Know Your Pain

Thunderclap Headache Attacks Suddenly

As the name suggests, thunderclap headaches are a sudden and severe bout of headache. A thunderclap headache usually escalates within 60 seconds and lasts for several hours before it fades away. Though, these headaches are a little uncommon, they can be a warning sign of some serious complications. Many a times, a thunderclap headache is a symptom of bleeding in and around the brain. Thus, it is important that you consult a doctor at the earliest if you are experiencing a thunderclap headache.

Usually the cause of a thunderclap headache remains unidentifiable. The headache seems to appear out of the blues. But several internal causes or malfunctioning around the brain can trigger such a headache. Here are some of the possible causes of a thunderclap headache.

* Bleeding in or around the brain and its surrounding membranes
* Rupturing or bulging of a blood vessel
* Tearing of the lining of an artery that supplies blood to the brain
* Leaking of cerebrospinal fluid due to tearing of a membrane that surrounds the brain
* Blocking of the cerebrospinal fluid due to a cyst
* Bleeding in the pituitary gland

Thunderclap headaches are characterized by a sudden and dramatic build up of pain in the head. It could feel like one of the worst headaches you would have ever experienced in your life. The pain hits its peak within a minute and lasts for several hours. However, in some cases the pain may persist for a couple of days.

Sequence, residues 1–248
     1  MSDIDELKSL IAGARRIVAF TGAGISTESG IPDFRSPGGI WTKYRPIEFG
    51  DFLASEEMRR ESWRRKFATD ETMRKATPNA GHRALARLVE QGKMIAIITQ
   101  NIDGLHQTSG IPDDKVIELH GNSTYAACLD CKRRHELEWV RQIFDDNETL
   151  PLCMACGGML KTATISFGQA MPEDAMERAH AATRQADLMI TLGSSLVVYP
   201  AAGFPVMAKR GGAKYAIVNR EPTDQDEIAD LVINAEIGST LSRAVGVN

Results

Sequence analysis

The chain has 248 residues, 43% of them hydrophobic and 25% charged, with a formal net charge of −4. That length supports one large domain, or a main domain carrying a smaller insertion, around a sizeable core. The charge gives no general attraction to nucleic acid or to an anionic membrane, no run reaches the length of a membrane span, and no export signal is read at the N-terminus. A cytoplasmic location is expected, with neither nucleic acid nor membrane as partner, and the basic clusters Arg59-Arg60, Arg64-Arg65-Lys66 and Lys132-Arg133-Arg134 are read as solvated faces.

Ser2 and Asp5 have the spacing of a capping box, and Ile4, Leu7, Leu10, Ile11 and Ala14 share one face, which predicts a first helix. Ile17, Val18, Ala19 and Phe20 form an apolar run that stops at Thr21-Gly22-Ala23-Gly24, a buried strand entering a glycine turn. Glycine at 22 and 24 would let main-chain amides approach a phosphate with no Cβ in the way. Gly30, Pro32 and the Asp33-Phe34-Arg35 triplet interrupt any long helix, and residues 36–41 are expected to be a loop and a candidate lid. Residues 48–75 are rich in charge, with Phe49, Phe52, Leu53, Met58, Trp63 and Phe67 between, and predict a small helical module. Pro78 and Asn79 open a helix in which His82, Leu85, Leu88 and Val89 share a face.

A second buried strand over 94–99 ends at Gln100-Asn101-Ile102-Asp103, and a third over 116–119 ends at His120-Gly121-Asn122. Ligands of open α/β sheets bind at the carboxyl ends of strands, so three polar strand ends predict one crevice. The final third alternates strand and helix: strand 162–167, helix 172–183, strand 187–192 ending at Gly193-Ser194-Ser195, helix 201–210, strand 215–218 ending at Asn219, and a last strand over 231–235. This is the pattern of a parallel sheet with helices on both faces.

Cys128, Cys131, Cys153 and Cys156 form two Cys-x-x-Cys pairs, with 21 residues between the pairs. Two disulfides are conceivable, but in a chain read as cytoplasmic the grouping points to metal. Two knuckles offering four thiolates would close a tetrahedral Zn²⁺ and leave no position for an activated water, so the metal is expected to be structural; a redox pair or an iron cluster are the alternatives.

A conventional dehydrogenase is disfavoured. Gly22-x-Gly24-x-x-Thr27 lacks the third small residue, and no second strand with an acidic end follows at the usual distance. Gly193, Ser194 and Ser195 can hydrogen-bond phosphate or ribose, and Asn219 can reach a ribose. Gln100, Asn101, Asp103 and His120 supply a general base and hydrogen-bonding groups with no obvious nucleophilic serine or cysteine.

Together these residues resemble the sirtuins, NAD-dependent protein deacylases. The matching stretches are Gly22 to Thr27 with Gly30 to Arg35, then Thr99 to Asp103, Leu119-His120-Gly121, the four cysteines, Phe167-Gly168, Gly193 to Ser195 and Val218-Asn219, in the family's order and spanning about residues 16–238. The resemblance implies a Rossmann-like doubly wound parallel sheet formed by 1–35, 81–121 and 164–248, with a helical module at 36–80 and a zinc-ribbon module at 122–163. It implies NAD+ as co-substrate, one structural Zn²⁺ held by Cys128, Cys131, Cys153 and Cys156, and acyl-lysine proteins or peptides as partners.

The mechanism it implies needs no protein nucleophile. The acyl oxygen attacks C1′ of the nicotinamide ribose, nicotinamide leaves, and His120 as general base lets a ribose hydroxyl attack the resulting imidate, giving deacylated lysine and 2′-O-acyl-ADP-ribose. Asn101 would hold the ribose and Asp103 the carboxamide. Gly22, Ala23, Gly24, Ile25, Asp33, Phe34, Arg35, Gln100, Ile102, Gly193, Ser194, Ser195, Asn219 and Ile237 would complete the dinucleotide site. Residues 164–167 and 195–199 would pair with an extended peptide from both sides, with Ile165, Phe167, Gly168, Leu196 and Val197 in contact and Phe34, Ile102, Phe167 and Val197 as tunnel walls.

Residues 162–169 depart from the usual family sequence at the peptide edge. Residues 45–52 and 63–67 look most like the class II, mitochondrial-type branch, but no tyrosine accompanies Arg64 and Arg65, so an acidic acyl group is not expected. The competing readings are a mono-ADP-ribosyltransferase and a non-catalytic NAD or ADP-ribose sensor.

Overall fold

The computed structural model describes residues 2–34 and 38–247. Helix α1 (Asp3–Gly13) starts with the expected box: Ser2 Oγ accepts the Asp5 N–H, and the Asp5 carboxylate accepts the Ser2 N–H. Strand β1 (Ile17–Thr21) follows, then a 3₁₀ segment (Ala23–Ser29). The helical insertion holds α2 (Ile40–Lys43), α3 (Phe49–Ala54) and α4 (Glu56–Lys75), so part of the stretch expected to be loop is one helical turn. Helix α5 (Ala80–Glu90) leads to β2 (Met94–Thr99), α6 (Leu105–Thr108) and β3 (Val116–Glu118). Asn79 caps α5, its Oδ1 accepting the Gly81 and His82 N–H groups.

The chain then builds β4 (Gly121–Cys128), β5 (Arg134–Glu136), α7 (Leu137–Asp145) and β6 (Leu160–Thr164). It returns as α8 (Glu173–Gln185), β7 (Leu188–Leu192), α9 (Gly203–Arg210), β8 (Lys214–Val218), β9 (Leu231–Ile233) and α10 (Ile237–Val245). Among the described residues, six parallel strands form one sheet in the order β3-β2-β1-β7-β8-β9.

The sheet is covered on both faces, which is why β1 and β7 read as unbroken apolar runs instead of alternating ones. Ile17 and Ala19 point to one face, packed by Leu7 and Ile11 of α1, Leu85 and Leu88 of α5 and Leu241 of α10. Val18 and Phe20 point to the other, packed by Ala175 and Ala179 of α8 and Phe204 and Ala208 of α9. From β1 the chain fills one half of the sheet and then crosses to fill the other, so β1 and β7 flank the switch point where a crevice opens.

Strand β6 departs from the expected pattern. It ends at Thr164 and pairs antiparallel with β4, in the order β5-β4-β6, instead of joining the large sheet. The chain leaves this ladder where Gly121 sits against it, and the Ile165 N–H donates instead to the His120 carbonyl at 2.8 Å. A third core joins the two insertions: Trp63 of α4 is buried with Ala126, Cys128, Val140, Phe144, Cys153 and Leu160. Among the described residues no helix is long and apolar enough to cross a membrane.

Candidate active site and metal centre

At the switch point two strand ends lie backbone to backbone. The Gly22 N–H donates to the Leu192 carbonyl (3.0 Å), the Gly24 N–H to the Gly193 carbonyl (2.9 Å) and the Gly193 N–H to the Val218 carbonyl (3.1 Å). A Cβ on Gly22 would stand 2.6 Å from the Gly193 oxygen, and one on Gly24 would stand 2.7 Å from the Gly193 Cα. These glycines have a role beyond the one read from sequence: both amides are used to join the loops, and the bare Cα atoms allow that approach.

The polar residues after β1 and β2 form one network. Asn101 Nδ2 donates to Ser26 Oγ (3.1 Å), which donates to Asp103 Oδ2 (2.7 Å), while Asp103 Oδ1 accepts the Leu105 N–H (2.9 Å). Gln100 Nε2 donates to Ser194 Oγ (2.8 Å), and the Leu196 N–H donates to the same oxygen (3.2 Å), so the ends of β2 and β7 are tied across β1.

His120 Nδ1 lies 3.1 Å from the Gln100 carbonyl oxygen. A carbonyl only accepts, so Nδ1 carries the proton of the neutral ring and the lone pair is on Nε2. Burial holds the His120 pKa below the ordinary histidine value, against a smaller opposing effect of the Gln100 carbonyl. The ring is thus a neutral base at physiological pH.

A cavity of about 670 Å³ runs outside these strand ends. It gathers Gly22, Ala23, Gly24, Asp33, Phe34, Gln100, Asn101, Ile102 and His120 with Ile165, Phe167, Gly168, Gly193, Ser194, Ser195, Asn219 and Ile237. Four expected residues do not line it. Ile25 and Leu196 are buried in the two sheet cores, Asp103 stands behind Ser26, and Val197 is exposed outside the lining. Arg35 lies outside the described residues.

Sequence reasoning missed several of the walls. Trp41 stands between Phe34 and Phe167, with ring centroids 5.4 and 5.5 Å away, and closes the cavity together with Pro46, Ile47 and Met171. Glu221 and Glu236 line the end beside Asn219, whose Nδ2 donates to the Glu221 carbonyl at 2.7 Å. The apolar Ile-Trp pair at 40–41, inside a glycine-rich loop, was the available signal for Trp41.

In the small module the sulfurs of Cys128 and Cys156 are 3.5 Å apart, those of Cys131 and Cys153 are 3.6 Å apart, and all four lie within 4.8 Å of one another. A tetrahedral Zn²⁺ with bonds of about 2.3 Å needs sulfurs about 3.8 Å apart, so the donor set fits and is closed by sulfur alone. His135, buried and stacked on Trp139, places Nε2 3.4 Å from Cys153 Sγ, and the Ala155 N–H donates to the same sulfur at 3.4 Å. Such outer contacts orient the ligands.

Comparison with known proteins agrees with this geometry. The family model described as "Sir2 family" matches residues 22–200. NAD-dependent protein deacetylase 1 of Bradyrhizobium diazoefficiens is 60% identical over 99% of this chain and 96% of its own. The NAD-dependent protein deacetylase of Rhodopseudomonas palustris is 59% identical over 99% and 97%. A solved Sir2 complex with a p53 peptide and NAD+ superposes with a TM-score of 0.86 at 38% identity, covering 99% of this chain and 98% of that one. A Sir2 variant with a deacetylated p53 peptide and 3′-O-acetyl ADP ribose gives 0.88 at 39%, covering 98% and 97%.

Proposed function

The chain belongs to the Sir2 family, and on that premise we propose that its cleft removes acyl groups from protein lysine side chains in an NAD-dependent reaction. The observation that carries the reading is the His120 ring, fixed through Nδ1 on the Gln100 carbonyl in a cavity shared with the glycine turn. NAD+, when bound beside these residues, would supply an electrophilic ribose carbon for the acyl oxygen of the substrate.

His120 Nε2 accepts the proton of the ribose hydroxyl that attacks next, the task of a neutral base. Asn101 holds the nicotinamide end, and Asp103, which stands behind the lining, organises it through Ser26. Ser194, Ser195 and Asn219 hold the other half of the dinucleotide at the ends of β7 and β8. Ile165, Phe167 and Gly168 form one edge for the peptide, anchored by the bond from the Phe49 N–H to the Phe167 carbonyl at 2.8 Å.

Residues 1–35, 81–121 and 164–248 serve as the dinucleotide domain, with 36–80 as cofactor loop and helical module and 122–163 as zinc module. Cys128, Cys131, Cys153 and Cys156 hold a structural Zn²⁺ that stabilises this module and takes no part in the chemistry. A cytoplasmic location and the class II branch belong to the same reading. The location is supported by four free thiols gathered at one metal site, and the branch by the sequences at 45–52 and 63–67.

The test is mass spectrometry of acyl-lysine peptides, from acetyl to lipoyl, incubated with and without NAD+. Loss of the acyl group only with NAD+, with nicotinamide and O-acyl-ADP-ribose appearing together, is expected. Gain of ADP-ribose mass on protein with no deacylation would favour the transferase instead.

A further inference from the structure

Usually several tests are done to diagnose a thunderclap headache. Here are some of the tests that you might just need to go through.

* CT Scan. The diagnosis of a thunderclap headache begins with a CT scan of the head.
* Spinal tap. In this test a small amount of fluid is removed from the area that surrounds the brain. This fluid is tested for white blood cells and other substances.
* MRI. Magnetic Resonance Imaging or MRI is used to study the images of cross section of the brain.
* Angiography. This is done to obtain a picture of the blood vessel inside your brain.

The treatment depends upon the cause of the headache. However, many a times no identifiable cause of the headache is found. In such cases the doctor may give you a preventive medicine to be taken on a daily basis. Even if you do not undergo a proper treatment, the headache fades away within a few weeks. However, this does not mean that you should not see a doctor.

A thunderclap headache is definitely not something that you can't take casually. The problem demands immediate attention and should be cured with proper medical intervention.